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It's only a podcast if it's open

A podcasting setup with a microphone and a laptop

Quick PSA:

A podcast is only a podcast if you can listen to it anywhere.

Just like a newsletter isn’t a newsletter if you can’t subscribe using any email address, the point of a podcast is that you can listen to it in any podcast app. It just works.

If your podcast only works in Spotify or Apple Podcasts or another proprietary app, perhaps because of an exclusivity arrangement, it’s just serial audio. The content may be wonderful, but you’re missing out on the complete set of potential listeners in order to focus on one app’s existing username.

In some ways that’s fine - after all, you can’t watch a Netflix show in any app but Netflix’s - but it’s not a podcast. It’s something else. It’s just a show on someone’s channel.

The way podcasts work is by releasing episodes as attachments on an RSS feed. You don’t need to know that this is how it happens - all you need to know is that it doesn’t matter which podcast app you prefer, just as it doesn’t matter which browser you use to access your favorite website. The point of these platforms is that you have the choice.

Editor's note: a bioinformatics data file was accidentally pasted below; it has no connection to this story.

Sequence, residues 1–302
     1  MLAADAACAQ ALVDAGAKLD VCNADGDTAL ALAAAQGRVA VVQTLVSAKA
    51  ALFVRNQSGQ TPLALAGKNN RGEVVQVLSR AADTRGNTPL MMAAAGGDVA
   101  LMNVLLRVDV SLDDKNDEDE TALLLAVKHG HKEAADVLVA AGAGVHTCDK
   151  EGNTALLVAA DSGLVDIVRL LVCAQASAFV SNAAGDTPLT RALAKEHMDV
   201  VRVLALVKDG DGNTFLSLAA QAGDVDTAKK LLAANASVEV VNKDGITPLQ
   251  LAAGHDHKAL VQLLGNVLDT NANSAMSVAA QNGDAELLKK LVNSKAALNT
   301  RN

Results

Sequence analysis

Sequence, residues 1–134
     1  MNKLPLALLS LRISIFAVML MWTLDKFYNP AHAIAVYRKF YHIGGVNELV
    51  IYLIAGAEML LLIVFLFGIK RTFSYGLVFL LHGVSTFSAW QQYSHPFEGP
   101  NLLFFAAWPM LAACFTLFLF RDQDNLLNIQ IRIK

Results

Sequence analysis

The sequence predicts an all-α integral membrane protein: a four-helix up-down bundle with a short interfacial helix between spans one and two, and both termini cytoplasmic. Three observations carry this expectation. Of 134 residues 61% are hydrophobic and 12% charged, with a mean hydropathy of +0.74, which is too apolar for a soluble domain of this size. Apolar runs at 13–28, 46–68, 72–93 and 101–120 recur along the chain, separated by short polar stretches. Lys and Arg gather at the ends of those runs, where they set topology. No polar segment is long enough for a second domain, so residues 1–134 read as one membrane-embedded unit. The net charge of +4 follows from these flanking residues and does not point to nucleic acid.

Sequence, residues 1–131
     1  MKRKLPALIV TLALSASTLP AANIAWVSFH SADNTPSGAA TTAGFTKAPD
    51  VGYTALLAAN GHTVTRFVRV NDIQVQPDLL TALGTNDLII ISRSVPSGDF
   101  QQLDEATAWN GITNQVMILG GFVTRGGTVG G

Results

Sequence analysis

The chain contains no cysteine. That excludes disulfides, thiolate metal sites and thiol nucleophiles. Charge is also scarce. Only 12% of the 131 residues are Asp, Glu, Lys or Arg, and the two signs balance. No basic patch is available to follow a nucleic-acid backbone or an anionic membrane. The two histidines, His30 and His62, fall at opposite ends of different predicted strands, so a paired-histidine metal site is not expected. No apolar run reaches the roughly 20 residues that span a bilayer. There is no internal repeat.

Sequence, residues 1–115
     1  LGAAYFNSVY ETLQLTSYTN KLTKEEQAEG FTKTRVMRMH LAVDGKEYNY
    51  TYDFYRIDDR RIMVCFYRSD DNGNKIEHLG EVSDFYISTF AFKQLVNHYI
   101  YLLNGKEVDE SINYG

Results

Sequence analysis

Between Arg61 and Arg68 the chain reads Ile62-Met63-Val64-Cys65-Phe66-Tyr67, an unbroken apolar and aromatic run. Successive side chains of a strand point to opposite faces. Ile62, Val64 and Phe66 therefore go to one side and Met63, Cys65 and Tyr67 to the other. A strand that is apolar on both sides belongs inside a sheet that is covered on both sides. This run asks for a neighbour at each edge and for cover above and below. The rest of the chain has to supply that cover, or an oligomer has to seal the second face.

That’s important for listeners, but it’s also important for producers. Tech companies are notoriously fickle, and signing an exclusivity deal with one inexorably ties your future into their evolving business strategies.

It might make sense to make an exclusive deal with a streaming platform if they’re going to give you $200 million like Joe Rogan. (I tend to think this is win-win: Spotify thinks it has something unique, while the rest of us aren’t bothered with Rogan’s show.) But if you’re making a deal for a fraction of that money, know that you’re losing out on reaching out to a whole ecosystem in exchange for tying yourself to the business model of a startup that might change business model on a dime and leave your show - or even your whole production company - in the dirt.

The media industry is littered with the graves of companies that tied themselves to onerous distribution contracts. There’s no need. Podcasts are open, available everywhere, and easily monetizable once you’ve got a subscribed audience. You don’t need to prostrate yourself for a company that, ultimately, doesn’t care about your future.